Linked by Thom Holwerda on Sat 22nd Nov 2008 17:53 UTC
Windows One of the main problems with Windows Vista (and earlier versions) is that Windows consumes quite a lot of diskspace, with few means to trim down the installation. To make matters worse, Windows tends to accumulate a lot of megabytes and even gigabytes of space during its lifetime, leaving users at a loss as to how to reclaim this lost space. In a post on the Engineering 7 weblog, Microsoft program manager of the core OS deployment feature team (...) Michael Beck explains what Microsoft is doing in order to reduce the disk footprint of Windows 7.
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looncraz
Member since:
2005-07-24

Geez... so Microsoft is saying that they are treating hard links exactly as the actual file, so much so that it appears that hard links are the same size as the original file?

That's kinda dumb. Maybe they should try BeOS, and just copy their symlink model.

I could very easily duplicate the winsx whatever folder in BeOS using MAYBE 1 MB of space, and it will be reported as such as well.

Symlinks are what Microsoft calls hardlinks, they are simply 'virtual' file system object which point to another file and which can act exactly as the file to which it points.

BeOS supports two types of Symlinks: absolute & relative, the only difference being how the linked file is located ( with an absolute path: "/boot/home/Desktop/someFile" vs "../someFile" ).

BeOS shows Symlinks as being what they are, and gives them a faint underscore to differentiate the real file from the Symlink. However, when a program blindly opens a Symlink the system just substitutes the linked file by negotiating the Symlink.

The difference is that it is incredibly trivial to determine if the file being dropped is a Symlink. So all Microsoft needs to do is ensure that they can do the same - trivially check to see if the file is a "hardlink" and treat it as such in Explorer until invocation or data access is required.

Operations that would be performed on a link versus the actual file are different, but some things will be common, such as size & name, those things will require special handling. BeOS does this with the BSymlink class :-)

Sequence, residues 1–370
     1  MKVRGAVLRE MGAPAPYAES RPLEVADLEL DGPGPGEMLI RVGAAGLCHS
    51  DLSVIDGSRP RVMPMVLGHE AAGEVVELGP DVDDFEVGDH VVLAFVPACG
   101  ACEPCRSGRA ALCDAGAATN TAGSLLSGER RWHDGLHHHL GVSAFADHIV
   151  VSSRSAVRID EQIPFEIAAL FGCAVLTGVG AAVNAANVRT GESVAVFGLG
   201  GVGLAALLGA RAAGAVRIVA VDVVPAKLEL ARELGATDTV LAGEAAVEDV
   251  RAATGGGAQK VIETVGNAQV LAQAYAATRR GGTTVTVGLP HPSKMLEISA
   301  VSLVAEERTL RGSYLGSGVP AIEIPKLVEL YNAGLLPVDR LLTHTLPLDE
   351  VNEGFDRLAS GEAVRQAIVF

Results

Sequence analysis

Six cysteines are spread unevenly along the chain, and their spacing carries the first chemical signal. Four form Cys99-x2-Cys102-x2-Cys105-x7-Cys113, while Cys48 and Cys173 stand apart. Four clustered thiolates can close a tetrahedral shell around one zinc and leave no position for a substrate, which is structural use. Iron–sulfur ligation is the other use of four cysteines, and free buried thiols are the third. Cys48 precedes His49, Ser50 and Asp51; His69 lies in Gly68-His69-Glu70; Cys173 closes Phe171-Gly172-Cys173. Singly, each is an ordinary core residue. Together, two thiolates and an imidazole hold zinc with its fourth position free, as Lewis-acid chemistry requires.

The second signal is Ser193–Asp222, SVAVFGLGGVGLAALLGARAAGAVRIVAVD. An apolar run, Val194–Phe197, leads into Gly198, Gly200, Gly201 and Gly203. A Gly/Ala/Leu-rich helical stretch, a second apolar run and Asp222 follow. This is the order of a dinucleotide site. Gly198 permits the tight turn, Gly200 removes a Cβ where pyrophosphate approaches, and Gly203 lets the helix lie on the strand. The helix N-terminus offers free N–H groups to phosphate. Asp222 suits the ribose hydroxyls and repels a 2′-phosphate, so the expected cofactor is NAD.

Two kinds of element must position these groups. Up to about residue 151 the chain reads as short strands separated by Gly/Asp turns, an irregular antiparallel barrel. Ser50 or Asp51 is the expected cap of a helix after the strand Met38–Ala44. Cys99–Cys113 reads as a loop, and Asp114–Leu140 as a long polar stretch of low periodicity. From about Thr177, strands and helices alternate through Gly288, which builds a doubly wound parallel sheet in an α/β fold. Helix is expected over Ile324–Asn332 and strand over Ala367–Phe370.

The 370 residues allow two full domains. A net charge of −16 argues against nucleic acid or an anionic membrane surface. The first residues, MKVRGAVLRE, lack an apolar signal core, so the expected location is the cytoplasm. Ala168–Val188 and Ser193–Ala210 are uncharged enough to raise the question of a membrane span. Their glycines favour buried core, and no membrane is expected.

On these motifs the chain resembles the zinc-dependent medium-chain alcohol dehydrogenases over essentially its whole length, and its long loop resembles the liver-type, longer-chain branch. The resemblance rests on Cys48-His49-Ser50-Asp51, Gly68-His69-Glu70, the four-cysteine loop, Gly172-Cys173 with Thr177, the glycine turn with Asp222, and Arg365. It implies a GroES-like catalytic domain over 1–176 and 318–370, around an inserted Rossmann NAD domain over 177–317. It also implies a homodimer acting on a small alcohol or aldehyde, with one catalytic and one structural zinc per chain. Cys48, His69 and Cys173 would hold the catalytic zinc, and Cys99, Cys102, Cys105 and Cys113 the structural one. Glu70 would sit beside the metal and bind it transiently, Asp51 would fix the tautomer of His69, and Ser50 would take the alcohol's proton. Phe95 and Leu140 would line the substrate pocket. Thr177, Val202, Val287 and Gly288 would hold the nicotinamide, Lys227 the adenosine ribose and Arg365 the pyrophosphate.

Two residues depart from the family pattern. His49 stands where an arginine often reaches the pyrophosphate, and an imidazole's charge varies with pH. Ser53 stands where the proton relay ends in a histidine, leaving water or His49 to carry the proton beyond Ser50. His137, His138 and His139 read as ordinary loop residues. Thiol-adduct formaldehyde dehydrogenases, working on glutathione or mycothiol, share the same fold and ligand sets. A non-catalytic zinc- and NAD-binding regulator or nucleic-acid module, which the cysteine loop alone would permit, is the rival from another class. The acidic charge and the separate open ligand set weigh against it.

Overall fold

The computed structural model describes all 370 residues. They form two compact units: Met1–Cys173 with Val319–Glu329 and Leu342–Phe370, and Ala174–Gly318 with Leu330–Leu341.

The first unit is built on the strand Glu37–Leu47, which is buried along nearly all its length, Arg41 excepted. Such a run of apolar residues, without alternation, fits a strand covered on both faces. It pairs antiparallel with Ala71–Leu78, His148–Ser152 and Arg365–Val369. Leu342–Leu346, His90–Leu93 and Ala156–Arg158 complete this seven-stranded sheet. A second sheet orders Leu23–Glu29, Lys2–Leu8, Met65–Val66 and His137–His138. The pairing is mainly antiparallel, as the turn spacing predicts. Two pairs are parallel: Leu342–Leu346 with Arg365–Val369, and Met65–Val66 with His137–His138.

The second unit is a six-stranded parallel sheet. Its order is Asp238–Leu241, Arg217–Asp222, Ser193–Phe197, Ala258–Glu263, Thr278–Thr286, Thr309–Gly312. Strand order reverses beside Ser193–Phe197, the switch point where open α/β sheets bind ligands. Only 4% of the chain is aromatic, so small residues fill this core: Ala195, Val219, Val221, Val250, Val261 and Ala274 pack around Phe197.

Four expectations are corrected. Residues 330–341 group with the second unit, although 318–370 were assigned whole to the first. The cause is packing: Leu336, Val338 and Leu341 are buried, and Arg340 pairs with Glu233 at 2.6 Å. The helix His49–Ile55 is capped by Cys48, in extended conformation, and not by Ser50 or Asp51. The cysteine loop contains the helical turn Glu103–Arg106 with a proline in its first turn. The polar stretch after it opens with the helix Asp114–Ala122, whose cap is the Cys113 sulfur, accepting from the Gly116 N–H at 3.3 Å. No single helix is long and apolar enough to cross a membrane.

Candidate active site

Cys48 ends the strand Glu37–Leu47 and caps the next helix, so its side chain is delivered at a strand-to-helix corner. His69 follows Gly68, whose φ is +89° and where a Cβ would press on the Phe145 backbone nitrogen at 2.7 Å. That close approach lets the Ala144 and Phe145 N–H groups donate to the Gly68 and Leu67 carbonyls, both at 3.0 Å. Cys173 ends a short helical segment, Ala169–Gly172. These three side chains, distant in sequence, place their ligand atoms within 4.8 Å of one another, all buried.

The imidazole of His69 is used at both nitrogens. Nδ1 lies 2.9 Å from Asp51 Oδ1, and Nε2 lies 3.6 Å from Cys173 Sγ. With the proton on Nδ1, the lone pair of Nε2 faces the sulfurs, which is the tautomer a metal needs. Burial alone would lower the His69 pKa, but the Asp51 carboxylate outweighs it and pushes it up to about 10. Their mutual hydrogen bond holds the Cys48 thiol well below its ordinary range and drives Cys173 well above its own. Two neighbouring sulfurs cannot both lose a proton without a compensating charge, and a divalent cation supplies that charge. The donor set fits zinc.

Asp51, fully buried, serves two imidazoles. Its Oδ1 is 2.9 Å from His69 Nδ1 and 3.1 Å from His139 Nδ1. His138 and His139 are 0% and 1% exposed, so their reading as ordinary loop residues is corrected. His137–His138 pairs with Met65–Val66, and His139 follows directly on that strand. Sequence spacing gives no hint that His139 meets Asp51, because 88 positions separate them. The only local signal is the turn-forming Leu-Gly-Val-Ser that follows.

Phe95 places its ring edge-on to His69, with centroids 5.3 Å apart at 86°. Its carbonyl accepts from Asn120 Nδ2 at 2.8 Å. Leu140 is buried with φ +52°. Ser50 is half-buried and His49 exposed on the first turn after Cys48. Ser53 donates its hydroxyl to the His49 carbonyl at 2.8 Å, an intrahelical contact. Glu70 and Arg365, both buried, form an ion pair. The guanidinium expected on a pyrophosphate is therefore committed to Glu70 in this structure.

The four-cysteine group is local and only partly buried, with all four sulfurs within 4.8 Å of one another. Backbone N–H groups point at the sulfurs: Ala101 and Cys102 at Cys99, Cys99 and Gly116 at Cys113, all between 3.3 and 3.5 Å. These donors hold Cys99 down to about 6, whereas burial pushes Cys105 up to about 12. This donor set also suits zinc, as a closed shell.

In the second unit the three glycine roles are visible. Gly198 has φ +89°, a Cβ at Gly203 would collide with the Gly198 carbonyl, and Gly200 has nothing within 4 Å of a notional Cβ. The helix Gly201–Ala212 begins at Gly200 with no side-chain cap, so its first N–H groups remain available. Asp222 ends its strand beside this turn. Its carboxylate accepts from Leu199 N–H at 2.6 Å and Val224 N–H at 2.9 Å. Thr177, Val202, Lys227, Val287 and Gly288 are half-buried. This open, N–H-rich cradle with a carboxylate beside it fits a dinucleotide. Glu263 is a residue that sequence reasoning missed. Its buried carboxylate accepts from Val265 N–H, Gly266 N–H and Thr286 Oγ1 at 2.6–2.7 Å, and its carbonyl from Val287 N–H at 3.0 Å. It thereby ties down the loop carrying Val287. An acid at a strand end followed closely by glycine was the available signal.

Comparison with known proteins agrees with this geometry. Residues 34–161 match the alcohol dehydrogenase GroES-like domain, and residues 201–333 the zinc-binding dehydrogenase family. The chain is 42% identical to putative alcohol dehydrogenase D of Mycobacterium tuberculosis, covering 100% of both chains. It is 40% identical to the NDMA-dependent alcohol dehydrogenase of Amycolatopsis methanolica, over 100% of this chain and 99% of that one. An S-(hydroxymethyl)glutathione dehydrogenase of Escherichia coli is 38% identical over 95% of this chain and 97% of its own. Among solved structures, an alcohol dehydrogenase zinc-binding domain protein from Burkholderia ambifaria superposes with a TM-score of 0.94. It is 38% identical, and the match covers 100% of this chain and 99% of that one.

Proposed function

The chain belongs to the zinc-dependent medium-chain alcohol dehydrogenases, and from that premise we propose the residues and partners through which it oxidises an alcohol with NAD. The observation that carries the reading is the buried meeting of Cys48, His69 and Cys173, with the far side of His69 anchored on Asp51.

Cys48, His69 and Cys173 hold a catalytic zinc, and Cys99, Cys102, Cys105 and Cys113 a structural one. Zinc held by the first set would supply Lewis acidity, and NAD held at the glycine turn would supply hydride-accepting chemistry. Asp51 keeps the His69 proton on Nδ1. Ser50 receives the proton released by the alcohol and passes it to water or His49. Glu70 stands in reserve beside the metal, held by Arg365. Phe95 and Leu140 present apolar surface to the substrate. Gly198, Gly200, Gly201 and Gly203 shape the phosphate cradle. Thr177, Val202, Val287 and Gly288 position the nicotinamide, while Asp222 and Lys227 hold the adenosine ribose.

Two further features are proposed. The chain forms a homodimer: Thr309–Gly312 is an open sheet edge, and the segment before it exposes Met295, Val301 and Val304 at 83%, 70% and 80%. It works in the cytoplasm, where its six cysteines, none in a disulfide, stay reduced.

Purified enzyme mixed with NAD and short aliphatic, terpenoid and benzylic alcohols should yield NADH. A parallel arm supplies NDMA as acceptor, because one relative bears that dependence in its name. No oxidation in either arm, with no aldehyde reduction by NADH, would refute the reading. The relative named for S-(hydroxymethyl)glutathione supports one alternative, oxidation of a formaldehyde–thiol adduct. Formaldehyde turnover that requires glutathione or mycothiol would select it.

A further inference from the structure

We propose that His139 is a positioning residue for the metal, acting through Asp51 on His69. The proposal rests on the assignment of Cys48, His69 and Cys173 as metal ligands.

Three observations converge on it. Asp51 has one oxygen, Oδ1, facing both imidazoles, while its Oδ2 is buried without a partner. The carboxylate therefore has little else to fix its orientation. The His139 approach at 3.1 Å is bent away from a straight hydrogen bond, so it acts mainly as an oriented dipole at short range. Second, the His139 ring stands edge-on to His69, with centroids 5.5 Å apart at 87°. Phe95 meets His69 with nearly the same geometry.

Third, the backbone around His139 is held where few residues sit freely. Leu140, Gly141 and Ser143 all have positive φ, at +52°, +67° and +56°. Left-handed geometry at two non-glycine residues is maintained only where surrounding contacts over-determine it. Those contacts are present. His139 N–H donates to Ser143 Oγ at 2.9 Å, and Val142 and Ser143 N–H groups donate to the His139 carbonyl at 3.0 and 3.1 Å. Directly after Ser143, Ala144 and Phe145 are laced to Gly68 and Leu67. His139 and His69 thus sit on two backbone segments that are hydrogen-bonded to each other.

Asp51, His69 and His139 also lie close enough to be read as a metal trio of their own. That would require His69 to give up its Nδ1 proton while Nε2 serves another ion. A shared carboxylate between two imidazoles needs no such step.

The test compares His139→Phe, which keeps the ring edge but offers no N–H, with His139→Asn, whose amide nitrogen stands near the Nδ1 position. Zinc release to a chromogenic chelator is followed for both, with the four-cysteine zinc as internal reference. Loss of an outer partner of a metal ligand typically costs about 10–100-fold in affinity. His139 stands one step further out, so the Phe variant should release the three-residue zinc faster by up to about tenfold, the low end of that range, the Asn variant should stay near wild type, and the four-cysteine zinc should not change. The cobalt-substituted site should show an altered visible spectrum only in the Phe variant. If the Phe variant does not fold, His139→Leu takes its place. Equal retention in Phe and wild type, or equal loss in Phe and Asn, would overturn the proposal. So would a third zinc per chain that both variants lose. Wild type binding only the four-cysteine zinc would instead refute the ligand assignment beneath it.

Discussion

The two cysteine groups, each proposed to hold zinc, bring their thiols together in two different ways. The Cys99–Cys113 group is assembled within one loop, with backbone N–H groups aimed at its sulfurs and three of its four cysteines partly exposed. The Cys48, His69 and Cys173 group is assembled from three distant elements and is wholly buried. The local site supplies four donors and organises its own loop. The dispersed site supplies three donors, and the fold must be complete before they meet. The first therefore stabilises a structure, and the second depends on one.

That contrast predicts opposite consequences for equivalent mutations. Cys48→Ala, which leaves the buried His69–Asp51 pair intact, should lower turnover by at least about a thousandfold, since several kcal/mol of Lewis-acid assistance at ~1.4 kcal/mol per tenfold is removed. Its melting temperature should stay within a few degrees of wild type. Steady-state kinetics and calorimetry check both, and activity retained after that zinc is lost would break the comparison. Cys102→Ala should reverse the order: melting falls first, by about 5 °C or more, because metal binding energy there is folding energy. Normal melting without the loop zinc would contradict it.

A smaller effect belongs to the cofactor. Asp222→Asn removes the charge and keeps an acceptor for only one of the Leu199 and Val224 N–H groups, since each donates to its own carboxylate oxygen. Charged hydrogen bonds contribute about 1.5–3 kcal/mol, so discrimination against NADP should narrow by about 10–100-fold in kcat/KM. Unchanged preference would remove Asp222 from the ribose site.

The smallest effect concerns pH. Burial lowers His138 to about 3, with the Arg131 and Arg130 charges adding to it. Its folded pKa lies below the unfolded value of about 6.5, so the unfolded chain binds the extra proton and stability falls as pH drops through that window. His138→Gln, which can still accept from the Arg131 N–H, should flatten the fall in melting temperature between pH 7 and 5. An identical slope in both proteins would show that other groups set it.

Explorer should just implement a quick check to see if the file is a hardlink or not, and follow the BeOS standard of very subtle differentiation. Size in BeOS is assumed to be 0 for a symlink, but they still take size in the folder and report as such, accurately.

Oh well, that is the problem with numerous teams working on separate parts of a single product without enough intercommunication.

Personally, I think Microsoft could cure an incredible amount of their problems if they simply started feeding the final pre-release builds up to higher support teams, each team consisting of fewer and fewer members, until you get to a single person who would examine issues raised and determine validity of the issues, and be able to suggest fixes.

I'd do it, I know I could do it, I've done it in the past. Apparently people liked it :-)

Oh well, I turn down Microsoft's offers because I'd prefer to work right here from home :-) They can't pay me to move, either.

--The loon


... besides, my uncle used to work for Microsoft and they withheld pay for so long he decided to rob a bank to try and get by. He planned it out rather well, but the teller's car he was going to take wanted her house keys, so he wasted time getting the car key off the ring while the silent alarm was triggered. He got off with a slap on the wrist ;-)

Edited 2008-11-22 19:51 UTC

Reply Score: 2

google_ninja Member since:
2006-02-05

Vista has both symlinks and hard links. here is the output of mklink on my computer
Microsoft Windows [Version 6.0.6001]
Copyright (c) 2006 Microsoft Corporation. All rights reserved.

C:\Users\Matt>mklink
Creates a symbolic link.

MKLINK [[/D] | [/H] | [/J]] Link Target

/D Creates a directory symbolic link. Default is a file
symbolic link.
/H Creates a hard link instead of a symbolic link.
/J Creates a Directory Junction.
Link specifies the new symbolic link name.
Target specifies the path (relative or absolute) that the new link
refers to.

Reply Score: 4

looncraz Member since:
2005-07-24

Ah I see, thanks for that!

I love being corrected when I'm wrong - it's the best way to learn!